Meals on Wheels recipients threatened under proposed Trump budget
Darlene Aderoju | 4/13/2017, 12:55 p.m.
“That means going from delivering meals five days a week to three, or two meals a day to one. Programs already can’t keep up with demands. So, they’ll have to add seniors to waiting lists or in the worst case scenario, they would have to turn seniors away and people relying on the service now would not be able to get it anymore.”
Retired nurse Dorcell Walker, 65, is a Meals on Wheels of Central Maryland client. Walker has Parkinson’s disease and lives alone in Baltimore, where she’s resided for more than three decades.
Walker uses a wheelchair, which she said makes it difficult for her to move around the kitchen.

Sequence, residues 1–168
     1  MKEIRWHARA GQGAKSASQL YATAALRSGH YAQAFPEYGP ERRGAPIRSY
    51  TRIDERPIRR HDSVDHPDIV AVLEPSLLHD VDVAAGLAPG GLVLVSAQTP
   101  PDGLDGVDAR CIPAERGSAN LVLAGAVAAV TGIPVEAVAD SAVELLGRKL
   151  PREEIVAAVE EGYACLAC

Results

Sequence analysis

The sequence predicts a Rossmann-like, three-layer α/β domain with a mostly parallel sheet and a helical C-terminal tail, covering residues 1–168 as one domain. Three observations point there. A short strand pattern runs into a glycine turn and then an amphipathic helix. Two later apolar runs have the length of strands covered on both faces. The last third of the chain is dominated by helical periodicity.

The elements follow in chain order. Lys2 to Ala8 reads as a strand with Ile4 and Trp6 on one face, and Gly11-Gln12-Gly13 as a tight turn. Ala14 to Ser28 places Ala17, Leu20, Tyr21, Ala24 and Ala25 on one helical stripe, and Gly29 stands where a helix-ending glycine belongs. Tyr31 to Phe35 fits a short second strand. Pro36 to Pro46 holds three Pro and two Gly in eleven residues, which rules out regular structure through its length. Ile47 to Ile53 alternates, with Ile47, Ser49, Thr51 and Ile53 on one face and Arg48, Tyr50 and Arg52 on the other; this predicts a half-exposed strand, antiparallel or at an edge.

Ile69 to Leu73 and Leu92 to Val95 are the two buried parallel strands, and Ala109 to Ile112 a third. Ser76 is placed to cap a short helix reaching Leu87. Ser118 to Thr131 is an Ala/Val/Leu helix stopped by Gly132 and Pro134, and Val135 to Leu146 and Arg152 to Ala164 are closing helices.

“Parkinson’s is debilitating and crippling, and it’s hard to hold a pot, because I shake and I’m weak,” she said. “It’s dangerous for me. Meals on Wheels delivers hot and cold meals in a container that’s lightweight enough for me to handle. Meals on Wheels is a godsend to me.”
Meals on Wheels of Central Maryland provides other services, including safety and wellness checks, companion visitors, grocery shopping assistance, home repairs and pet food delivery.
John McDuffle, 67, has lived in Baltimore for 40 years. His late wife received Meals on Wheels and now he’s enrolled in the program.
“They really help me so I don’t have to go outside if it’s cold or snowy, or too dark,” he said. “The volunteers respect me, and they always come when they say they’re going to.”
Bertolette said Meals on Wheels needs bipartisan support.
“Both sides need to do their part to make sure these seniors aren’t forgotten,” she said.